I Can’t is Not in Our Vocabulary

July 4, 2017 Family Stories, June 2017 Feature - Orthopedic, limb difference, Orthopedic, reluctant husband, should we adopt? 0 Comments

I can’t.

Such a short phrase can carry so much defeat behind it.

It’s a phrase that I was sure we would hear often when my husband and I were called to adopt a child with a limb difference.

So many questions and emotions ran through my mind the day that I stared at our referral picture for a precious three year old girl without a left hand.

Four years prior, I felt that the Lord was leading us to build our family through adoption, specifically international adoption. We had already been blessed with two biological sons, and we were very happy as a family of four. My husband had not felt the calling just yet at that time, but told me that if that is how God was leading me then to continue praying. I did for several more years.

Soon we began having hypothetical conversations about what it would look like for our family if we did adopt. That lead to praying together as a family and researching everything we could. All the while, we never really discussed ages or special needs. We did look at several different Asian countries and our hearts again and again were drawn to China.

The doubts of “if we should adopt” lingered.

Is God really calling us do this?
How can we afford it?
How will this affect our other children and family members?

We did not know anyone who had adopted internationally. As we continued to seek His will, a family who had just moved from out of state visited our church one Sunday morning. They sat directly behind us with their beautiful daughter. We believe that it was no coincidence that she was adopted and Chinese. Over several months we were able to talk with and get encouragement from this lovely family.

It was just the nudge we needed to jump full on into our adoption journey.

The very day we said yes to adopting, my husband said, “I don’t picture a baby and I think our daughter will have some sort of limb difference.” I was blown away because in my mind, I too pictured an older child with a possible limb difference. I had assumed that my husband would have wanted to adopt a baby as young and healthy as possible.

The day we received our referral was amazing and scary.

Included with our daughter’s pictures was a short video of her carrying around a baby doll. She was cute and sassy yet I couldn’t help wondering what she would be capable of. I worried even more about how other people would react to her. Could I help her and be a good mom to her? I had to — we loved her already and there was no going back.

Fast forward six months and we found ourselves in a government office meeting our daughter, Lily, face to face. The first thing that stood out to me was how brave and dignified she looked sitting on the sofa with everything she owned in a little pink backpack strapped on tightly.

Our greetings were reciprocated with understandable tears and resistance. It would take time to bond. There wasn’t any more time to try to win her favor in the government office because our guide announced, “Now we will take a trip to Wal-mart to buy things for the kids!” Okay.

Lily remained emotionally distant through the store and shook her head no as we tried to win her over with various toys and candy. At that moment of desperation, trying to get her to like us just a bit, I think we seriously would have bought her a real pony if she had asked. She finally resigned herself to grabbing a children’s book off a shelf and nodding yes. We still think she picked it just to shut us up.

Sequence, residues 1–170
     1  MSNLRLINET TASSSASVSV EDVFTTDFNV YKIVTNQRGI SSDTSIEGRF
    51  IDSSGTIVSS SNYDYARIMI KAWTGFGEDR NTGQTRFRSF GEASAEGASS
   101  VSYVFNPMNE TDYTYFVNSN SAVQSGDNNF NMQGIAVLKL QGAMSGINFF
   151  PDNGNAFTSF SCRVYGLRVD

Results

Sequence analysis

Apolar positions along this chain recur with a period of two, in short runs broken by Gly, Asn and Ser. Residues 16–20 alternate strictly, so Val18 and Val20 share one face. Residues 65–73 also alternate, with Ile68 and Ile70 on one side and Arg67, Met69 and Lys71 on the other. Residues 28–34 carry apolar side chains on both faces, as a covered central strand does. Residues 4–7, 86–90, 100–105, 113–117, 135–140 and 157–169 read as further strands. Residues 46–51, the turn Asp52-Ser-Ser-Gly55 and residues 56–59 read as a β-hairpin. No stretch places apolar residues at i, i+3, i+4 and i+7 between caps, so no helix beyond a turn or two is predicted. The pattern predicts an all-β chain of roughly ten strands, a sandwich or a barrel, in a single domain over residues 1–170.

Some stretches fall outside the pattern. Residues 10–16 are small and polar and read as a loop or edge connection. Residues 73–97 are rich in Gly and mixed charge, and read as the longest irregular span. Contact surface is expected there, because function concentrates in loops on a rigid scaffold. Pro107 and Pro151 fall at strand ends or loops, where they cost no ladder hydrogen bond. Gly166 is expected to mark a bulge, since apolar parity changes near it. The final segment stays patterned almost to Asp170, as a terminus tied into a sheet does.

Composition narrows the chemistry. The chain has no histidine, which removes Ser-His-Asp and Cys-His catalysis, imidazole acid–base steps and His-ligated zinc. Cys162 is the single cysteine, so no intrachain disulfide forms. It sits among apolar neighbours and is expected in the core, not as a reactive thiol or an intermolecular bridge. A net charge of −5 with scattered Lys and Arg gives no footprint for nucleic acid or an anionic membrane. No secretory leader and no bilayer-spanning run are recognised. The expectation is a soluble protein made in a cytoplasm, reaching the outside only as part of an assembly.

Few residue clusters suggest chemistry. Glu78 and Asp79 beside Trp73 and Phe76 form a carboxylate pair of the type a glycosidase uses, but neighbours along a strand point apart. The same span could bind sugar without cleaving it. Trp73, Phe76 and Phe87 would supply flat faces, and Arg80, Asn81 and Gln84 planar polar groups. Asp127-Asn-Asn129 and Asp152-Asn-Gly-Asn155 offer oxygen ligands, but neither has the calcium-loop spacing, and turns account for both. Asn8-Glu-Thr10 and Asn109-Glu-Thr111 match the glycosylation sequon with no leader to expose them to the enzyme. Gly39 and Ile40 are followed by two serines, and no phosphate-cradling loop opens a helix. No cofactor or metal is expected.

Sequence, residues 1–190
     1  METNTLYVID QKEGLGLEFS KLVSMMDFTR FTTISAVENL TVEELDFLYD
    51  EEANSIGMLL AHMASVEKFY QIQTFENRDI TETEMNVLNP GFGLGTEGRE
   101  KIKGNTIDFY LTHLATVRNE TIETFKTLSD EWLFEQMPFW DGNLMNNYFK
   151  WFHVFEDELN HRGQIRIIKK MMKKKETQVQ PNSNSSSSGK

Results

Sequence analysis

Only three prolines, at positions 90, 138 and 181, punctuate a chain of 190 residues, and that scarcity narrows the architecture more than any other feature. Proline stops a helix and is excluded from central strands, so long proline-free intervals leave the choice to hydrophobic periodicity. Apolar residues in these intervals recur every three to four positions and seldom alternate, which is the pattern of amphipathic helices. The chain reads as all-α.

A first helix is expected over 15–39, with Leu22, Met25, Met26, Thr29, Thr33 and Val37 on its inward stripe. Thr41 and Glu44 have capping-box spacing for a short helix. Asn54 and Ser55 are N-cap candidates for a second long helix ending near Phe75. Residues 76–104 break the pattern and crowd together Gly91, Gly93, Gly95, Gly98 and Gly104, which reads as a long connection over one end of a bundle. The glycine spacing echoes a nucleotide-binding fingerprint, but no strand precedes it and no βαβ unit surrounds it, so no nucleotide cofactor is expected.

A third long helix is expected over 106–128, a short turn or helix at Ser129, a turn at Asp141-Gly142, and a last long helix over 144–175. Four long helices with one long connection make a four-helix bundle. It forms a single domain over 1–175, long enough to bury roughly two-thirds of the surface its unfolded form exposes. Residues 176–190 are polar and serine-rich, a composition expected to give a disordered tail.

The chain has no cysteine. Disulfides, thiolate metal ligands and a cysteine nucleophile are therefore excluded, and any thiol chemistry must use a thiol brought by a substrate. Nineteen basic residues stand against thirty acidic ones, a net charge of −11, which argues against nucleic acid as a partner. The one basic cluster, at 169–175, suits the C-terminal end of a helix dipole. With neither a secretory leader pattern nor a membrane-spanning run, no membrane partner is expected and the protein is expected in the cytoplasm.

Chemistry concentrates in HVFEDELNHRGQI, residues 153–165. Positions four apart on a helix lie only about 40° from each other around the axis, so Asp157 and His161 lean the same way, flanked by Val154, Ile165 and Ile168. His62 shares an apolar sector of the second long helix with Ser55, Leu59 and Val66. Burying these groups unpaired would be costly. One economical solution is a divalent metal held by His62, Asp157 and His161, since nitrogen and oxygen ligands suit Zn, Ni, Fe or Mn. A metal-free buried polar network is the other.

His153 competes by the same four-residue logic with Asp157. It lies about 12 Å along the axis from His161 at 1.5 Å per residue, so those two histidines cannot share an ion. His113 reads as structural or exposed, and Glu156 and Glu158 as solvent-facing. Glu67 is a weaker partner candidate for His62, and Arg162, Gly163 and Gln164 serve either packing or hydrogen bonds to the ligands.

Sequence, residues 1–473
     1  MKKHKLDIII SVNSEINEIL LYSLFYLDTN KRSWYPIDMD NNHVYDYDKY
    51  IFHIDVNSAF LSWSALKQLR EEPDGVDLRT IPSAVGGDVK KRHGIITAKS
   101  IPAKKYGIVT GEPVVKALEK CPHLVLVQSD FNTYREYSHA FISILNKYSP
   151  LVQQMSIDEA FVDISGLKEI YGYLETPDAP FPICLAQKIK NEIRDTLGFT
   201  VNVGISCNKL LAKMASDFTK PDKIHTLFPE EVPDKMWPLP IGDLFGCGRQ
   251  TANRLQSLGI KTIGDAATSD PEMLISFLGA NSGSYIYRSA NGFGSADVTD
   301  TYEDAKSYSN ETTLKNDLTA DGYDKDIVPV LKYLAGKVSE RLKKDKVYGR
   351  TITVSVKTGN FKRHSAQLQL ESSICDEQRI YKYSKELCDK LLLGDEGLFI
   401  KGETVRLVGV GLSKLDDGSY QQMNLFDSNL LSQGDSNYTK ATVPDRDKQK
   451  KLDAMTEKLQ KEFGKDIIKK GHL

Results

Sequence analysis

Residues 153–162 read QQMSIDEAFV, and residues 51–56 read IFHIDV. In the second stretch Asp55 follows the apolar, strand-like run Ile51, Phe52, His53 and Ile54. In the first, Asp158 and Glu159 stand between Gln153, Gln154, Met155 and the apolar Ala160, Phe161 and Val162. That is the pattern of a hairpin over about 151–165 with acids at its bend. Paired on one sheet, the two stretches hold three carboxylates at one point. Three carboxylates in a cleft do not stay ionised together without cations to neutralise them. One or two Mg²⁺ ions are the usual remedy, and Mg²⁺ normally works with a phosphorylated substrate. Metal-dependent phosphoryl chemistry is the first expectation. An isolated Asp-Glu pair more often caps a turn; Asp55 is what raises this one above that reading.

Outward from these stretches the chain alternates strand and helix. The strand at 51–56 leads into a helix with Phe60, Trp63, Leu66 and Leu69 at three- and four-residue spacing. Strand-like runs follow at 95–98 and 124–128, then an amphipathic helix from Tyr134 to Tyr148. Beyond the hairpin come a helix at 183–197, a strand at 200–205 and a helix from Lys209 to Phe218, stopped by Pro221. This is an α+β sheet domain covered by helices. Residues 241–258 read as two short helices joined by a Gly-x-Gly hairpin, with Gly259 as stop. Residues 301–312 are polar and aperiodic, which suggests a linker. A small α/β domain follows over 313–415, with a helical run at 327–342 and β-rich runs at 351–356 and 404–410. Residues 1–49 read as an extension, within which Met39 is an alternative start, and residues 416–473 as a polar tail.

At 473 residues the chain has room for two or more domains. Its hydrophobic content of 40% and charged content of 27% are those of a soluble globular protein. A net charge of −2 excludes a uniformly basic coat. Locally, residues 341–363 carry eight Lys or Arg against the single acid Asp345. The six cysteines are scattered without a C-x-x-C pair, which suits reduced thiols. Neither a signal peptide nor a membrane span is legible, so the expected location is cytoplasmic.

When we arrived with Lily to our hotel room that evening, the first thing she did was hop up onto the western-style toilet and took care of her needs all by herself. She even washed up at the sink afterwards! Needless to say, we were pretty impressed.

Looking back, it is obvious that we were seeing small glimpses into her unique personality. Lily is nothing short of amazing. She is a go-getter and nothing stops her from accomplishing everything she sets her mind on doing.



She likes to help in the kitchen. Her favorite part is cracking eggs and she has rarely ever gotten any shell fragments into the bowl. She flies up and down the street on her scooter and bike. At the park, Lily can pump her feet and swings as high as the swing will go.

Lily just recently learned how to swim without her swim vest. Several weeks ago at the pool, she unzipped her swim vest, tossed it aside and announced, “Swim lesson time! I want to swim like my brothers without a vest.” I was slightly skeptical but did not let it show. Into the water we went and, of course, within an hour or so she was indeed swimming on her own.



As far as other people are concerned, I did not have much to worry about. Sure, we get plenty of stares out in public, but I think it is mostly out of curiosity.

Overall, adults and children alike have been kind and considerate. Lily has many friends and people who love her. A few very young children here and there have been scared of her limb difference. Sometimes when we meet children for the first time, they have questions about her arm. Sometimes Lily answers their questions cheerfully. Other times she rolls her eyes and sighs loudly.



We try to use these moments as a teaching opportunity of giving grace to others.

It has been almost three years from the first time we saw our daughter’s picture. What was scary at first quickly became a non-issue. What started off as our biggest concern has become the least of our worries. We have grown to love and appreciate her “little arm” more and more. It truly makes her beautiful and unique.

And, we have come to realize that there isn’t anything this girl can’t do!

– guest post by Tracie: email || Facebook



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